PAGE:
AHT: San Diego

Burger reviews in the San Diego area.

Meatball Burgers at Soda & Swine in San Diego

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Meatball burger from Soda & Swine. [Photographs: Erin Jackson]

Soda & Swine

2943 Adams Avenue, San Diego CA (map); 619-269-7632; sodaandswine.com
Cooking method: Griddled
Short Order: A giant meatball reimagined as a burger. Delicious!
Want Fries With That? Hell yes you do. Oh, and get the fried pizza knots too
Price: Meatball burger, $8; fries and aioli, $3; fried pizza knots, $5

Do all meatballs dream of becoming hamburgers when they grow up? Probably not, but some have got to. I mean, pasta is fine company, but it doesn't compare to a bubbly blanket of cheese, and a warm, toasty bun.

At Soda & Swine, you can get your meatballs à la carte, as a slider or submarine, on top of spaghetti (all covered in cheese), or my personal favorite: an extra-large meatball that's smashed into the shape of a burger patty on the flat top, fired, and topped with all of the standard burger accoutrements. The final product is what might happen if you left a burger and a meatball alone with some booze, candles, and a Barry White CD on repeat. It's neither a burger nor a meatball sandwich. It's both, and it's delicious.

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Inside Soda & Swine.

Meatball burgers are made with the "bovine" meatballs (beef, marinara, and mozzarella), one of the five kinds of meatballs Soda & Swine makes, so when they're smashed and griddled, they transform into something closer to a Jucy Lucy than your standard beef patty. The heat of the griddle gives the exterior some crunchy char while gently melting the cheese mixed into the beef. It doesn't goop out of the patty (even when you cut it in half) or blow out the sides—it just hangs out, fully saturating the beef and moistening every bite with its creamy flavor. The marinara sauce was so lightly portioned that it didn't register at all. Flavor-wise, the meatball was beef and cheese, all the way.

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Just ball and bun would have been plenty, but Soda & Swine loads up their meatball burgers with bacon, cheese, tomatoes, thinly sliced and lightly pickled cucumbers, and iceberg lettuce. The only missteps were the raw onion (pickled would have been better) and the sauce...but only because I was expected the advertised chipotle mayo, and got Thousand Island instead.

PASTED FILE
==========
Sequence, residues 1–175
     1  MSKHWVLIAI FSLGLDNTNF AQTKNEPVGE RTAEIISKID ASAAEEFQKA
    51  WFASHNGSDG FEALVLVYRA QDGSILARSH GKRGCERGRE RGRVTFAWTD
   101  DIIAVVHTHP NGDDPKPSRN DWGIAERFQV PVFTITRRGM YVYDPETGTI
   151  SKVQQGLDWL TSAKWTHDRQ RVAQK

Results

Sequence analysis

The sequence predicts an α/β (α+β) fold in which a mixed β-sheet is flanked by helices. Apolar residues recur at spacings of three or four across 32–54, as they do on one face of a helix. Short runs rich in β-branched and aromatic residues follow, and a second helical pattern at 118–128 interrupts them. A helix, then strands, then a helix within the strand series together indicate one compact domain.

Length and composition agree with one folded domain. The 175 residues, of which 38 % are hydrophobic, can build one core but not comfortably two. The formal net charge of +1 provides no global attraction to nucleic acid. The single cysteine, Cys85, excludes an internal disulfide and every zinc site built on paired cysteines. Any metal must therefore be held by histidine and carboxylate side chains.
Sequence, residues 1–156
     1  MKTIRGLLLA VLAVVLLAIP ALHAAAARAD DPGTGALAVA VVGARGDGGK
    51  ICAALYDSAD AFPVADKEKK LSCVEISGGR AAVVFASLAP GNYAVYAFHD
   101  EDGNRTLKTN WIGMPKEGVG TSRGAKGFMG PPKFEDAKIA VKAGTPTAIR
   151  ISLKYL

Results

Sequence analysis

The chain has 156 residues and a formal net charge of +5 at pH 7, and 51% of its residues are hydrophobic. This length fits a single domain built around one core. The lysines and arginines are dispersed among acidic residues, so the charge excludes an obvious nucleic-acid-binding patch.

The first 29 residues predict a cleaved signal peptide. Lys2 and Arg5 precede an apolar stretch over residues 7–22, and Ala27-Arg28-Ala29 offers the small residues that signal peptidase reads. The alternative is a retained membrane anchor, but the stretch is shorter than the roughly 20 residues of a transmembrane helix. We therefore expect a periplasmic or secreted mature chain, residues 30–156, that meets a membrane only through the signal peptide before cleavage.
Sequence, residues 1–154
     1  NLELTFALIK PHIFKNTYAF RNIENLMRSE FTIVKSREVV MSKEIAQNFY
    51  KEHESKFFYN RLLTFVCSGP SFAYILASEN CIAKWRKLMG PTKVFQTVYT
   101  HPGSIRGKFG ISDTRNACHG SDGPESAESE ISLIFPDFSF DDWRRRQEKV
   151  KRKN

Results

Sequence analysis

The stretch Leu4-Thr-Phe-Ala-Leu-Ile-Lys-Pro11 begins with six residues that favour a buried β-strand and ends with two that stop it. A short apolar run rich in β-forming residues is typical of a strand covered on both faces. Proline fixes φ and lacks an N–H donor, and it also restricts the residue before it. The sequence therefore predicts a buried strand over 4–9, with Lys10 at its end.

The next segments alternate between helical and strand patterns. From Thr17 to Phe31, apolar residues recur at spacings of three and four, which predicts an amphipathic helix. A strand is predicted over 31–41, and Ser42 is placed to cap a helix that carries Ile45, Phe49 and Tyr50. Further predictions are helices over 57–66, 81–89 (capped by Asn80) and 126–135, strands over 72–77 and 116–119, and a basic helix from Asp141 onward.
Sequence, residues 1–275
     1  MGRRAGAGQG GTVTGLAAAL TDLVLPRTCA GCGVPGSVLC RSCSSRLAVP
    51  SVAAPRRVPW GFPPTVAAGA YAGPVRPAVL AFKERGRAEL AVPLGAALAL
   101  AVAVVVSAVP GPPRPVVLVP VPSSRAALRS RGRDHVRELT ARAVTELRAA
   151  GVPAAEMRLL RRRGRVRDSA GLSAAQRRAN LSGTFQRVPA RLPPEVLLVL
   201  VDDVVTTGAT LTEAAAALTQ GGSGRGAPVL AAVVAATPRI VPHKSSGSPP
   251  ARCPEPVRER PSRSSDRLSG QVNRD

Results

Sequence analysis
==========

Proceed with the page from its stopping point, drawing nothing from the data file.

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Burgers come à la carte, but it's well worth the extra $3 for a side of fries. The skin-on spuds are just about perfect: crisp, golden brown, and with just the right amount of salt. Once you dunk them in the malt vinegar aioli, you can officially retire your willpower. Until they're all gone, these fries will own you.

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While we're on the subject of side order subjugation, you'll definitely be needing an order of the fried pizza knots. These flaky, chewy nuggets of deep-fried dough are stuffed with melted mozzarella. Dip 'em in the marinara for a pop of acidity, or spoon a little right into the center.

If you make it to dessert, there are a few rotating flavors of house made soft-serve, pie, and beer floats. Want a craft cocktail with your burger? There's always the option of eating it next door at Polite Provisions, the adjoining bar that's styled after drugstores of bygone eras.

About the author: Erin Jackson is a food writer and photographer who is obsessed with discovering the best eats in San Diego. You can find all of her discoveries on her San Diego food blog EJeats.com. On Twitter, she's @ErinJax

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